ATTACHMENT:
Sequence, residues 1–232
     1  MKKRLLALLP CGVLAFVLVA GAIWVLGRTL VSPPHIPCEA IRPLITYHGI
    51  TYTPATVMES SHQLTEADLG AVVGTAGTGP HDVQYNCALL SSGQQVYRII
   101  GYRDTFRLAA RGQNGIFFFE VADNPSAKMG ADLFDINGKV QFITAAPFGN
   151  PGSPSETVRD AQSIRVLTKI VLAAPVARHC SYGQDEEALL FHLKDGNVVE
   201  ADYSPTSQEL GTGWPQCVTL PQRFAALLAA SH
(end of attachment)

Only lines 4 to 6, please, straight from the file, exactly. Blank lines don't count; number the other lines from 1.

   101  GYRDTFRLAA RGQNGIFFFE VADNPSAKMG ADLFDINGKV QFITAAPFGN
   151  PGSPSETVRD AQSIRVLTKI VLAAPVARHC SYGQDEEALL FHLKDGNVVE
   201  ADYSPTSQEL GTGWPQCVTL PQRFAALLAA SH